ECOFIN | Defence spending not included in deficit
Defence Redefined
Published on 11/12/2023 at 09:01

Pursuant to the Ecofin agreement, Greece’s defence spending is exempted from budget deficit goals.

This has been a fixed position of Athens, which had raised the issue in Brussels in the previous months. “Allies” in this request were other countries with high defence expenditures, such as Italy and France.

For Greece, this exemption means that no cuts in other government spending will be required to cover the costs of armament programs, which are expected to increase in the coming years due to the upgrade of weapon systems with the Βelharra frigates as well as the US F-35 fighter jets.

Economic staff sources say that even if an additional budget is provided, Europe will not allow Greece to use it for new benefits and tax breaks, as the Commission’s strict rules return in the new year, after a nearly four-year hiatus due to the pandemic and the energy crisis.

However, they point out that it will strengthen the Greek economy macroeconomically and in the achievement of fiscal goals, contributing to faster debt de-escalation.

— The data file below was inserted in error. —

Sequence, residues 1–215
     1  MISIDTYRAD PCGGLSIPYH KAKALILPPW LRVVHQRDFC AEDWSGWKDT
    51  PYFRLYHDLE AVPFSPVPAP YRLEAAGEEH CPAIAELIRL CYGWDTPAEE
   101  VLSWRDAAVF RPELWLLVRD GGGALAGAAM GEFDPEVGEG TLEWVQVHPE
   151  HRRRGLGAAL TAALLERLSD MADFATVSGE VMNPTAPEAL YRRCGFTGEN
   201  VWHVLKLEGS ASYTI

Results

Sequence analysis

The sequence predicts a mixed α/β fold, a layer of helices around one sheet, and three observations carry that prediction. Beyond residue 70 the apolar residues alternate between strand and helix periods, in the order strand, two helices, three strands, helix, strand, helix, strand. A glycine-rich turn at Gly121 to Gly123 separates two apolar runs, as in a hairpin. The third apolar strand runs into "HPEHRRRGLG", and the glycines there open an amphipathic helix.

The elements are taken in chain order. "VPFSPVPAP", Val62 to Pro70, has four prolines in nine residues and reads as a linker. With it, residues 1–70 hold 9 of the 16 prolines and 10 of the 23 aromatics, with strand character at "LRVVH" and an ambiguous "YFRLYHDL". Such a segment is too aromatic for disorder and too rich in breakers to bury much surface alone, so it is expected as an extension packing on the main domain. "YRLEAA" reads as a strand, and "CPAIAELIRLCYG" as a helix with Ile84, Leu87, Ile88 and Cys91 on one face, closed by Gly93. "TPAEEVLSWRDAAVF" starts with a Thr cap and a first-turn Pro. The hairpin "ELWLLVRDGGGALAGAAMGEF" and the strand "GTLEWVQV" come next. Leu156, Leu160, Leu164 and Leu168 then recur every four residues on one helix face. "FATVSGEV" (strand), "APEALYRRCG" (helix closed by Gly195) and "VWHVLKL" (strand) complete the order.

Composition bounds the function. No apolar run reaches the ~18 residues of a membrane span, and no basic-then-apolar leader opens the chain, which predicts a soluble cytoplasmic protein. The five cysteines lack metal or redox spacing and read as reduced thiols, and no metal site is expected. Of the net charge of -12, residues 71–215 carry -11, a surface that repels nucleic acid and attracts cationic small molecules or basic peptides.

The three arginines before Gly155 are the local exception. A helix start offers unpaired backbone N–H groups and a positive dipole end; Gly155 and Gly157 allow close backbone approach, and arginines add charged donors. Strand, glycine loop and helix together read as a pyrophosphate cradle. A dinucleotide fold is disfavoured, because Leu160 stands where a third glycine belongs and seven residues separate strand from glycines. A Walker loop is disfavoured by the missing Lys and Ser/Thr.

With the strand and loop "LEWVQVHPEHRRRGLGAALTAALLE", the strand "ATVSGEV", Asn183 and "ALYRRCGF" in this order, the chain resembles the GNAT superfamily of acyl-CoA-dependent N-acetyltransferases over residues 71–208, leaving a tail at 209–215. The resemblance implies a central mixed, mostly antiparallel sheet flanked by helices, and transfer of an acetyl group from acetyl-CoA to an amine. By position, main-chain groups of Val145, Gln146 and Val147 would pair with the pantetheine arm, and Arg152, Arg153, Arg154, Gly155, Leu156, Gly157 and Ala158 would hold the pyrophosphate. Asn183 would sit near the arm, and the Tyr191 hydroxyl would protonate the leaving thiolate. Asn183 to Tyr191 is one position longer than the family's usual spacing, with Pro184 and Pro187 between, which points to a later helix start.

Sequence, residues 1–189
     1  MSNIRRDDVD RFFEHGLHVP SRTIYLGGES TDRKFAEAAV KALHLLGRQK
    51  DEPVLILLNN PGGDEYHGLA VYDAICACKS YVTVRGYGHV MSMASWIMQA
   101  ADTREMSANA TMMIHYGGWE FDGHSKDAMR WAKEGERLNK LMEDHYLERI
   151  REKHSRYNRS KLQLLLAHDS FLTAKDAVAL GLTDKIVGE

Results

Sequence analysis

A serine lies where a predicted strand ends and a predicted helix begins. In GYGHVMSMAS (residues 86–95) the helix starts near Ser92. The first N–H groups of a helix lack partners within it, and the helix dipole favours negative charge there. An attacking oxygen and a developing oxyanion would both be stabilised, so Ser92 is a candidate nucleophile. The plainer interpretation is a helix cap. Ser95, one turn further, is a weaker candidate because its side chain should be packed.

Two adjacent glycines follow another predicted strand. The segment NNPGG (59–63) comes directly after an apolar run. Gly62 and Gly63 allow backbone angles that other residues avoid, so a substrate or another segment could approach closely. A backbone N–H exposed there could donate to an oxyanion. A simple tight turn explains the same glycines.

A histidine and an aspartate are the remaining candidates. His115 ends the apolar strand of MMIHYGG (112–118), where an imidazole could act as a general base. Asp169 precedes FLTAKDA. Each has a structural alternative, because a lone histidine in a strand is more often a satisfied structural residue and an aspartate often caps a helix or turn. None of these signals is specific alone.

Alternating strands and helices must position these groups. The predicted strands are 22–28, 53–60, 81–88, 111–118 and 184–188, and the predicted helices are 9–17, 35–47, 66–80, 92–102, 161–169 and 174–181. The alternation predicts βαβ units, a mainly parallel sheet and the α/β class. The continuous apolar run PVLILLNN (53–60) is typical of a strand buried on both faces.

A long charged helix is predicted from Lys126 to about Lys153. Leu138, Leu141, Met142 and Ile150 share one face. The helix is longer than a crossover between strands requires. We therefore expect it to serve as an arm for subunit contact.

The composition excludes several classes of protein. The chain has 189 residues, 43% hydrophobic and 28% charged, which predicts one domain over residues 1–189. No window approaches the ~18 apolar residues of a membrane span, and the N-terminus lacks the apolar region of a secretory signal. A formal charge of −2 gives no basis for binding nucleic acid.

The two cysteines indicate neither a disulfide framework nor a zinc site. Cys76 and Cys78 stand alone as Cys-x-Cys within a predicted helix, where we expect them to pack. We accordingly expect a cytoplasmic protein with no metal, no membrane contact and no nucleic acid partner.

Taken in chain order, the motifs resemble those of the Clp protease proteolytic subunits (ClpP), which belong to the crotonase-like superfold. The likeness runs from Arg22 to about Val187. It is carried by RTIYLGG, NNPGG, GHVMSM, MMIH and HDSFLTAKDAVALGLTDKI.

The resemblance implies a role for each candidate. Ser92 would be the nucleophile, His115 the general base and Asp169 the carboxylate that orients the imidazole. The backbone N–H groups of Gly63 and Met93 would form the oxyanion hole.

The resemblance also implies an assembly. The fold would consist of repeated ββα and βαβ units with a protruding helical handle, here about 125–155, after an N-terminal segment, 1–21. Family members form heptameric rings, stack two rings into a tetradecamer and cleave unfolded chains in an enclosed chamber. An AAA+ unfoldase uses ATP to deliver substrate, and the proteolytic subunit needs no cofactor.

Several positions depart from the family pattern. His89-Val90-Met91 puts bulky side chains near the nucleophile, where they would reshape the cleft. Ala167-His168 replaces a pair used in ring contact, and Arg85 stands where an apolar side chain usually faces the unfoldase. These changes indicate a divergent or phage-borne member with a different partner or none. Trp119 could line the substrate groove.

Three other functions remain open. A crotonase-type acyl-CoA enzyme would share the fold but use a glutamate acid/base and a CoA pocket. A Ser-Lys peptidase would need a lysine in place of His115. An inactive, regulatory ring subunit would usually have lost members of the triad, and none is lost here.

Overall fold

According to the Indicative Report of the 2024 budget, defence spending for the new year will be 1.27 billion euros, increased by 581 million euros compared to 2023, mainly due to increased physical receipts of weapon systems by the Ministry of National Defence.

Also read: EDA | Unprecedented European defence spending exceeding €200 billion

According to the data of the Commission and the European Defence Agency, in 2022 Greece had the second-highest share of expenditure on investments in the defence sector.

In 2022, a total of 20 Member States reached the 20% threshold for defence investment, while the remaining seven needed to take additional measures to reach the jointly agreed percentage.

Overall, a total of 18 member states increased their share of defence investment compared to 2021, while nine reported a decrease, including two that were already below the 20% threshold.

Six of the 27 countries increased their military spending by more than 10% in 2022 – among them Greece (13.3%) – and even more than 30% in the case of Sweden, a country that is waiting to be approved for its accession in NATO. France increased its military spending in 2022 by only 0.7%.

The exclusion of defence spending from the stability pact was not a topic of discussion for the Europeans until Russia’s war in Ukraine – in February 2022 – practically knocked on their door.

Any deal to reform the EU’s economic governance will then need to be negotiated with the European Parliament before the end of the legislative period in April 2024, so that the new rules come into force in 2024.

Also read: SIPRI | Military spending in Europe peaks since the Cold War




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